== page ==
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University Physics Volume 2

Additional Problems

University Physics Volume 2Additional Problems
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  1. Preface
  2. Unit 1. Thermodynamics
    1. 1 Temperature and Heat
      1. Introduction
      2. 1.1 Temperature and Thermal Equilibrium
      3. 1.2 Thermometers and Temperature Scales
      4. 1.3 Thermal Expansion
      5. 1.4 Heat Transfer, Specific Heat, and Calorimetry
      6. 1.5 Phase Changes
      7. 1.6 Mechanisms of Heat Transfer
      8. Chapter Review
        1. Key Terms
        2. Key Equations
        3. Summary
        4. Conceptual Questions
        5. Problems
        6. Additional Problems
        7. Challenge Problems
    2. 2 The Kinetic Theory of Gases
      1. Introduction
      2. 2.1 Molecular Model of an Ideal Gas
      3. 2.2 Pressure, Temperature, and RMS Speed
      4. 2.3 Heat Capacity and Equipartition of Energy
      5. 2.4 Distribution of Molecular Speeds
      6. Chapter Review
        1. Key Terms
        2. Key Equations
        3. Summary
        4. Conceptual Questions
        5. Problems
        6. Additional Problems
        7. Challenge Problems
    3. 3 The First Law of Thermodynamics
      1. Introduction
      2. 3.1 Thermodynamic Systems
      3. 3.2 Work, Heat, and Internal Energy
      4. 3.3 First Law of Thermodynamics
      5. 3.4 Thermodynamic Processes
      6. 3.5 Heat Capacities of an Ideal Gas
      7. 3.6 Adiabatic Processes for an Ideal Gas
      8. Chapter Review
        1. Key Terms
        2. Key Equations
        3. Summary
        4. Conceptual Questions
        5. Problems
        6. Additional Problems
        7. Challenge Problems
    4. 4 The Second Law of Thermodynamics
      1. Introduction
      2. 4.1 Reversible and Irreversible Processes
      3. 4.2 Heat Engines
      4. 4.3 Refrigerators and Heat Pumps
      5. 4.4 Statements of the Second Law of Thermodynamics
      6. 4.5 The Carnot Cycle
      7. 4.6 Entropy
      8. 4.7 Entropy on a Microscopic Scale
      9. Chapter Review
        1. Key Terms
        2. Key Equations
        3. Summary
        4. Conceptual Questions
        5. Problems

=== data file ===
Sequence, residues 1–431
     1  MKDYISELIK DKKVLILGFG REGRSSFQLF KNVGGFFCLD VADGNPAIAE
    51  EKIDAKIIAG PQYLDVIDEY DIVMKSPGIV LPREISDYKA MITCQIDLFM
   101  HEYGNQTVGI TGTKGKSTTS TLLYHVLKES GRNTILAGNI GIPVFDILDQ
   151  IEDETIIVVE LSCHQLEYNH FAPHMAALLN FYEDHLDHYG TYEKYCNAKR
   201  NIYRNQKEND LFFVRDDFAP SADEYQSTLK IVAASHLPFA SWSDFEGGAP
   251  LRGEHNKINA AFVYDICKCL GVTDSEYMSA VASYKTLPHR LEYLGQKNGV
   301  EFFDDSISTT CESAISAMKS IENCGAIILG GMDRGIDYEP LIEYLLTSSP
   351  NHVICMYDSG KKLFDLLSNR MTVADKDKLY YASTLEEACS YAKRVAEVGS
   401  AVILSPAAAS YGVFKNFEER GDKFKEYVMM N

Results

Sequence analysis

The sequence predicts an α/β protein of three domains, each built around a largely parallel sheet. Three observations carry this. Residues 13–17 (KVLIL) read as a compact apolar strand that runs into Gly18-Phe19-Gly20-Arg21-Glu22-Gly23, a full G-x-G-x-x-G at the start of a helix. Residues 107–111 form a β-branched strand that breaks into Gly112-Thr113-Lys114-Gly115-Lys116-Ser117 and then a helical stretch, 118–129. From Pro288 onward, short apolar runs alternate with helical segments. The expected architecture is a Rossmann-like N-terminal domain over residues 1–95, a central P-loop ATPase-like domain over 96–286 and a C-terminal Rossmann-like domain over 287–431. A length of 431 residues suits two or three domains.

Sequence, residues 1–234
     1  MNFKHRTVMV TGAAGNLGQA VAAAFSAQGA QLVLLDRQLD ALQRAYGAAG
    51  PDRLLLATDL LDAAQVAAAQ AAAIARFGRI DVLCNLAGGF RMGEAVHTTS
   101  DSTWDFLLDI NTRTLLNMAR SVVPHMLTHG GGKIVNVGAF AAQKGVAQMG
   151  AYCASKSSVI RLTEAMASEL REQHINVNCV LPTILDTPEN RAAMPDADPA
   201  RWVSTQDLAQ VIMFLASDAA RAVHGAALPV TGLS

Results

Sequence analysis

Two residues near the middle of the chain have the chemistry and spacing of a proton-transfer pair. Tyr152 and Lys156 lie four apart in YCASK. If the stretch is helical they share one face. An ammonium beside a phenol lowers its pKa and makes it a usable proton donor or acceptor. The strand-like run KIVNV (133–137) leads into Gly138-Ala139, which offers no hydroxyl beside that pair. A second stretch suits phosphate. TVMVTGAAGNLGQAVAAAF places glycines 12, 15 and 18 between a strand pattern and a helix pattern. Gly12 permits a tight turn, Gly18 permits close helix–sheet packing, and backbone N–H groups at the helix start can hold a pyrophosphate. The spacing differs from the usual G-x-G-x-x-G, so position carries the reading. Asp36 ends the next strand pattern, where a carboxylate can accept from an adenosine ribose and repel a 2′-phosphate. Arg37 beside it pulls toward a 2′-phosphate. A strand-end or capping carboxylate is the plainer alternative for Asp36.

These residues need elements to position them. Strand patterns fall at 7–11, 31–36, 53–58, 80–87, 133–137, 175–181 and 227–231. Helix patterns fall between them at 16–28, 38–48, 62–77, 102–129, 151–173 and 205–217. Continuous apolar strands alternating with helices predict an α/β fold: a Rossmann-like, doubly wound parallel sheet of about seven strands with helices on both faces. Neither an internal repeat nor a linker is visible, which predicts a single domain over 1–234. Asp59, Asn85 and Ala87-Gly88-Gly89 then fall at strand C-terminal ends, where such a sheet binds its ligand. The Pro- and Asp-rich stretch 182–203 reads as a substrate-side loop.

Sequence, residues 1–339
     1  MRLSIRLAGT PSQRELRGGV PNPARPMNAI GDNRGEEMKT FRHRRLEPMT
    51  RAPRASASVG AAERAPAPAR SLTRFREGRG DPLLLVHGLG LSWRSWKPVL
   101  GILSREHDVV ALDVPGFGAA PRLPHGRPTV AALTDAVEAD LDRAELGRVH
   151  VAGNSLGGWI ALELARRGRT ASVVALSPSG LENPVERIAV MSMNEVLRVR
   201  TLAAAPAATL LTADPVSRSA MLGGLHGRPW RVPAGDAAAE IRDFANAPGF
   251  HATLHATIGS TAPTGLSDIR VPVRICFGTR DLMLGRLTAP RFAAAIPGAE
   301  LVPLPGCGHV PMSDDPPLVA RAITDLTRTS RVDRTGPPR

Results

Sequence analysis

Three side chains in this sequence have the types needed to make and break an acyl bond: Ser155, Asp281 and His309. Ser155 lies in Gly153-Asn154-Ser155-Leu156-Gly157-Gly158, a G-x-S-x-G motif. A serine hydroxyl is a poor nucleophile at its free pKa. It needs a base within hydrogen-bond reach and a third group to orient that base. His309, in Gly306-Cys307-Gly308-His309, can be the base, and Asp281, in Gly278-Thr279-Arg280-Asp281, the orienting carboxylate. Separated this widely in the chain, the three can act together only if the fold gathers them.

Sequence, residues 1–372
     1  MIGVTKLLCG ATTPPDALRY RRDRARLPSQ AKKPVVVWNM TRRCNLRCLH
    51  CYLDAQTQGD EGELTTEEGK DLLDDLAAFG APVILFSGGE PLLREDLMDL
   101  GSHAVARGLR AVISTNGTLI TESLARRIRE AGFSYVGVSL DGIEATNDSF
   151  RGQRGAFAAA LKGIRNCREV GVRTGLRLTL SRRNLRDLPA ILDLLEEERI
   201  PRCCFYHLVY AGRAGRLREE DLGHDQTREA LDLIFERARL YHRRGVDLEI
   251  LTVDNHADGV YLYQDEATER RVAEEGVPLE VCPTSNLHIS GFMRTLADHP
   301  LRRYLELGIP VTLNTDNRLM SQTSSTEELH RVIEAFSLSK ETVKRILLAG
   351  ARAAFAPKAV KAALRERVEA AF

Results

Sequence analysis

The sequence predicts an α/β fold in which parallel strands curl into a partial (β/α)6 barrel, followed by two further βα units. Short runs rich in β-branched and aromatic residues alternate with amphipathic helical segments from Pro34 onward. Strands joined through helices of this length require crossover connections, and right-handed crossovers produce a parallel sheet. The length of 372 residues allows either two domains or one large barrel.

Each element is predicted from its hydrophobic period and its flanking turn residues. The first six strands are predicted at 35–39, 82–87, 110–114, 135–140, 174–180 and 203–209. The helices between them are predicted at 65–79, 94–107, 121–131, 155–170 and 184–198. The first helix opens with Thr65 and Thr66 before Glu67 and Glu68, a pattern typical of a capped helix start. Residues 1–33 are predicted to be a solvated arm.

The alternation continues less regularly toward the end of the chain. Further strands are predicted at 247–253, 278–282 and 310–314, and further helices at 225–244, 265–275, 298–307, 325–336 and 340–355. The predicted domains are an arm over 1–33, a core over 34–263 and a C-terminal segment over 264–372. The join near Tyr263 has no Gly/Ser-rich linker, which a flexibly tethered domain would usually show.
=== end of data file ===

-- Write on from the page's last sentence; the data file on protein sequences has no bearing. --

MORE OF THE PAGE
6. Additional Problems
        7. Challenge Problems
  3. Unit 2. Electricity and Magnetism
    1. 5 Electric Charges and Fields
      1. Introduction
      2. 5.1 Electric Charge
      3. 5.2 Conductors, Insulators, and Charging by Induction
      4. 5.3 Coulomb's Law
      5. 5.4 Electric Field
      6. 5.5 Calculating Electric Fields of Charge Distributions
      7. 5.6 Electric Field Lines
      8. 5.7 Electric Dipoles
      9. Chapter Review
        1. Key Terms
        2. Key Equations
        3. Summary
        4. Conceptual Questions
        5. Problems
        6. Additional Problems
    2. 6 Gauss's Law
      1. Introduction
      2. 6.1 Electric Flux
      3. 6.2 Explaining Gauss’s Law
      4. 6.3 Applying Gauss’s Law
      5. 6.4 Conductors in Electrostatic Equilibrium
      6. Chapter Review
        1. Key Terms
        2. Key Equations
        3. Summary
        4. Conceptual Questions
        5. Problems
        6. Additional Problems
        7. Challenge Problems
    3. 7 Electric Potential
      1. Introduction
      2. 7.1 Electric Potential Energy
      3. 7.2 Electric Potential and Potential Difference
      4. 7.3 Calculations of Electric Potential
      5. 7.4 Determining Field from Potential
      6. 7.5 Equipotential Surfaces and Conductors
      7. 7.6 Applications of Electrostatics
      8. Chapter Review
        1. Key Terms
        2. Key Equations
        3. Summary
        4. Conceptual Questions
        5. Problems
        6. Additional Problems
        7. Challenge Problems
    4. 8 Capacitance
      1. Introduction
      2. 8.1 Capacitors and Capacitance
      3. 8.2 Capacitors in Series and in Parallel
      4. 8.3 Energy Stored in a Capacitor
      5. 8.4 Capacitor with a Dielectric
      6. 8.5 Molecular Model of a Dielectric
      7. Chapter Review
        1. Key Terms
        2. Key Equations
        3. Summary
        4. Conceptual Questions
        5. Problems
        6. Additional Problems
        7. Challenge Problems
    5. 9 Current and Resistance
      1. Introduction
      2. 9.1 Electrical Current
      3. 9.2 Model of Conduction in Metals
      4. 9.3 Resistivity and Resistance
      5. 9.4 Ohm's Law
      6. 9.5 Electrical Energy and Power
      7. 9.6 Superconductors
      8. Chapter Review
        1. Key Terms
        2. Key Equations
        3. Summary
        4. Conceptual Questions
        5. Problems
        6. Additional Problems
        7. Challenge Problems
    6. 10 Direct-Current Circuits
      1. Introduction
      2. 10.1 Electromotive Force
      3. 10.2 Resistors in Series and Parallel
      4. 10.3 Kirchhoff's Rules
      5. 10.4 Electrical Measuring Instruments
      6. 10.5 RC Circuits
      7. 10.6 Household Wiring and Electrical Safety
      8. Chapter Review